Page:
In this year of tumultuous political uncertainties, a viable third-party candidate could easily emerge—perhaps in the form of our own Gary Johnson.

Johnson, New Mexico’s former Republican governor, is hoping to run for president for a second time as the Libertarian Party nominee. With his adopted party’s national convention less than two months away, he’s the clear frontrunner for the nomination.

He was the Libertarians’ candidate in 2012, after being snubbed out of contention by the Republican Party, and got more than a million votes—the most of any Libertarian candidate ever. This election year, with all its unpredictability, he could actually be a contender.

A March poll by Monmouth University, pitting him in a race between Donald Trump and Hillary Clinton, put him at 11 percent. Of course, we’re still not certain The Donald will win the GOP nomination and Hillary will get the Democratic nod, but we do know that in a year of insurgent candidacies, a third-party candidacy could really shake things up.

Who knows, maybe the national disgust in status-quo politics will actually send both major party nominees packing, at least in the bid of the White House. Perhaps this is the year a “Third Way” candidate will be elected.

The 63-year-old Johnson is a viable option. He’s fiscally conservative and socially progressive, and a lot of voters are, too. Plus, he has a record of standing firmly, and stubbornly, on his principles. In New Mexico, he set records with the number of vetoes he issued, insisting on a smaller state government while the state’s private-sector economy grew.

That I know from reading about his administration. I didn’t live in New Mexico when he was governor, though I did meet him once at a park in Las Vegas, when he was cycling through town for one cause or another. He’s quite the Iron Man competitor, you know.

He strikes me as genuine and consistent in his values, and determined to advance a libertarian message that government doesn’t have to be militaristic and centralized to keep America safe and strong. He doesn’t fit well into the Republican Party of old, and he sure wouldn’t fit into the modern Democratic Party, but he could pull in some of the anti-Trump and anti-Clinton crowd with his libertarian rhetoric.

Most Americans, Johnson says, are Libertarians and don’t know it. His best chance to prove this to be true is to get on stage in the upcoming national presidential debates.

To get an invite to the debates, a candidate must be polling at 15 percent or better.

The Monmouth poll suggests he’s close but not quite there.

If he can get on the stage with Trump and Clinton, he’ll have his chance to convince voters he’s a good alternative. And if he does well, the debates could change everything.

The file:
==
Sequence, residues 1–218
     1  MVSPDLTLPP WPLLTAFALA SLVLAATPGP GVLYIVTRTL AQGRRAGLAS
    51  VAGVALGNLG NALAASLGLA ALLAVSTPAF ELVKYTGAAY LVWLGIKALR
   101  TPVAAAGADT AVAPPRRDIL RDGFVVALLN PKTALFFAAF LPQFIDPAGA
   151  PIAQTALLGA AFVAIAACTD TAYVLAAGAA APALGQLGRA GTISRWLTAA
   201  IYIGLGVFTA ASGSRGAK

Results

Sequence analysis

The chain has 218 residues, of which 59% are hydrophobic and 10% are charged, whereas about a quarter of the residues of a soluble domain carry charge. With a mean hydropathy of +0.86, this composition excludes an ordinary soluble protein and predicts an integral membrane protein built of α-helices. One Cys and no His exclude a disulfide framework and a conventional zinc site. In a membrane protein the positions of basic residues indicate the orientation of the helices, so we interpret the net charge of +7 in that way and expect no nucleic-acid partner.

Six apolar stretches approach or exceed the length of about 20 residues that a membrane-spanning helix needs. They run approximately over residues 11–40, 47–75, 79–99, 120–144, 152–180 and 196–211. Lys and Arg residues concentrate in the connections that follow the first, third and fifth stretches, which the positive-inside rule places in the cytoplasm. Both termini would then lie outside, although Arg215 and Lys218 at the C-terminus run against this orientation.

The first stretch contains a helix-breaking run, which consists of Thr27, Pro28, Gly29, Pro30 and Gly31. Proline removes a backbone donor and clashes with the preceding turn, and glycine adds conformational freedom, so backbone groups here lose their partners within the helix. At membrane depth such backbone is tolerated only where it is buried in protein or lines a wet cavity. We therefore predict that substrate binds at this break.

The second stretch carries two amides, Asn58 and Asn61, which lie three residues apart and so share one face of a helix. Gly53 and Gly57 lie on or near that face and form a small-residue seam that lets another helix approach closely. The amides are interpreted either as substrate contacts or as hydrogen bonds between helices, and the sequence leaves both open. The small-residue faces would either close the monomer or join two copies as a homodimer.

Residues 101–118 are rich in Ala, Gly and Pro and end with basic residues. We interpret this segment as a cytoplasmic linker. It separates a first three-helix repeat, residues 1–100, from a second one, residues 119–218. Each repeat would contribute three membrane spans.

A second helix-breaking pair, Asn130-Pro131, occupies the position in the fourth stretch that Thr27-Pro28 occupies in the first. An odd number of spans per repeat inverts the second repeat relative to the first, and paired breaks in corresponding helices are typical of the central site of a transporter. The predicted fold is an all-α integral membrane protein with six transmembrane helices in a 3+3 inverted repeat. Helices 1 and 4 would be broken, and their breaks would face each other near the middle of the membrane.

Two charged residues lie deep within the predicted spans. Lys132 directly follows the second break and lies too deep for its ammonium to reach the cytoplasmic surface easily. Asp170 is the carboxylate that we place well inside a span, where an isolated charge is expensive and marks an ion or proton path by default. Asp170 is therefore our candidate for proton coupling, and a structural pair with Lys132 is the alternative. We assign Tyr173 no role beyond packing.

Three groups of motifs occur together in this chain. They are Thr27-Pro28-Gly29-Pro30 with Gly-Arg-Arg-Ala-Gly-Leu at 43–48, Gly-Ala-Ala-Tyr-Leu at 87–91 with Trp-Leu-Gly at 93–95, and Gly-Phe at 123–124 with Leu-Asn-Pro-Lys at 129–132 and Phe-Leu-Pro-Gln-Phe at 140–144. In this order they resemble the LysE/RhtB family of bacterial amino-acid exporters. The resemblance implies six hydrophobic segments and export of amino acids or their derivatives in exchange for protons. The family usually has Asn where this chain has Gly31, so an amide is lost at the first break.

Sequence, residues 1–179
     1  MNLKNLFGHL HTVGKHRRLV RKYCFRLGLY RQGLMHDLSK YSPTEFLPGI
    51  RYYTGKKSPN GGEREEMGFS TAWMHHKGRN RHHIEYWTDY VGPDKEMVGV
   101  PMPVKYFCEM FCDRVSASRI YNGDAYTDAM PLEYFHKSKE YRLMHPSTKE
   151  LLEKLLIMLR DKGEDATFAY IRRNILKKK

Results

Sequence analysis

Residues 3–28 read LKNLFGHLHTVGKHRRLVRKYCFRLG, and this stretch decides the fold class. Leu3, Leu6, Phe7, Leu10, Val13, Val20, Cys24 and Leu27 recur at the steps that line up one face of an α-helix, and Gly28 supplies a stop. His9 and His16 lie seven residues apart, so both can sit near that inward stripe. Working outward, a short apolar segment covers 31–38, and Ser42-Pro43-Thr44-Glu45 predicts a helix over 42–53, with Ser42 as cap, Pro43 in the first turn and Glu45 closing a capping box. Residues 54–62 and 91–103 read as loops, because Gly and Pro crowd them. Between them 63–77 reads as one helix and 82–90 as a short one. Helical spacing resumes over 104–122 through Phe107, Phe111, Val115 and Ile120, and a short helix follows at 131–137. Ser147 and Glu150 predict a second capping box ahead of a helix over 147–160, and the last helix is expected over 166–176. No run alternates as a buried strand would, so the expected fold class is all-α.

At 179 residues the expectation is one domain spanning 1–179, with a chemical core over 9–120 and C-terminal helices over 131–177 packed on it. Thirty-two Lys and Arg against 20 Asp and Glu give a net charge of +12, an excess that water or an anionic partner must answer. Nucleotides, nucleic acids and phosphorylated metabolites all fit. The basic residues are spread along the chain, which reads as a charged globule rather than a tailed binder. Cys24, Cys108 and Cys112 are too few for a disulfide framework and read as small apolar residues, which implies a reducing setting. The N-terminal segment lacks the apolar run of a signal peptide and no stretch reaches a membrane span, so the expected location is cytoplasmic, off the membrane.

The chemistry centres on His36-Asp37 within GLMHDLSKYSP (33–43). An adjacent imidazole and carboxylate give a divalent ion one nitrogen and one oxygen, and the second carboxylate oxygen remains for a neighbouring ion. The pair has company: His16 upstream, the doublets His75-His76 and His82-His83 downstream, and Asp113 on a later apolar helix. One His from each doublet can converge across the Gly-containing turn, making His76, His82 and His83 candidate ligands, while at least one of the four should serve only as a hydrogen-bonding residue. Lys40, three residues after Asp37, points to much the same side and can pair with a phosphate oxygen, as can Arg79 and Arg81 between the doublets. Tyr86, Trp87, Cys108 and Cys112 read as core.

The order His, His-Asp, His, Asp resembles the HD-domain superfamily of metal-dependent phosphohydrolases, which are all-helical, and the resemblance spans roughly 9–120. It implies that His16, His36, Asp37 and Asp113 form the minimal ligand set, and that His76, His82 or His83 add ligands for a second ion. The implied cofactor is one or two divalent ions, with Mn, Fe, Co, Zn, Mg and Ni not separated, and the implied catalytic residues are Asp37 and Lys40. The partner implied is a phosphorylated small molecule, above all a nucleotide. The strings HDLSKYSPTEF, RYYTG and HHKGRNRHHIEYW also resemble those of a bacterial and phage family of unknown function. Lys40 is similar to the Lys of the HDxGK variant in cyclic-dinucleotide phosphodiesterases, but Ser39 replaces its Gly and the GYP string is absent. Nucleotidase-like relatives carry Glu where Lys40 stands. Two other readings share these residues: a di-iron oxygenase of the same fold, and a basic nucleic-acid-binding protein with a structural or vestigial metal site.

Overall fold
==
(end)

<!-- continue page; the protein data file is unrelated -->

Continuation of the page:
Of course, it could be Clinton vs. Ted Cruz, or John Kasich, or some brokered candidate to emerge from an open Republican National Convention. Heck, even Bernie Sanders isn’t out of contention yet, on the Democratic Party side, so the possibilities seem endless. Trump could even end up as an independent candidate still, which would really mix things up.

That’s why the Libertarian Party has its best chance yet to elect a president this year. With rebellions against the establishment going on in both parties, people on the left and the right might see merit in voting for Johnson.

A long shot I know, but it has been an unpredictable election cycle so far, and there is still plenty of time for another unexpected turn in the race for the presidency. It’s worth keeping an eye on Johnson’s campaign.

The question for New Mexico is, will Johnson win the trappings of “favorite son” status and take his home state away from either, or all, the other candidates? In a race against Trump, I think Johnson would win the state. And I’ll bet he could beat Cruz, too.

But against Clinton, I think he has some serious competition. My guess is that New Mexico’s Democratic Party movers and shakers are still establishment-friendly enough to tilt toward Clinton in the primary, as well as in the general.

It’s actually conceivable that New Mexico’s general election ballot will include four significant candidates—Cruz or Kasich as the GOP nominee, Trump running as an independent, Clinton as the Dems’ nominee and Johnson as the Libertarians’. If that’s the case, what an election it will be.

Then again, it has already been a tumultuous year. It’s a good year to expect the unexpected.

Tom McDonald is founder and editor of the New Mexico Community News Exchange and editor of the Roswell Daily Record. He may be reached at or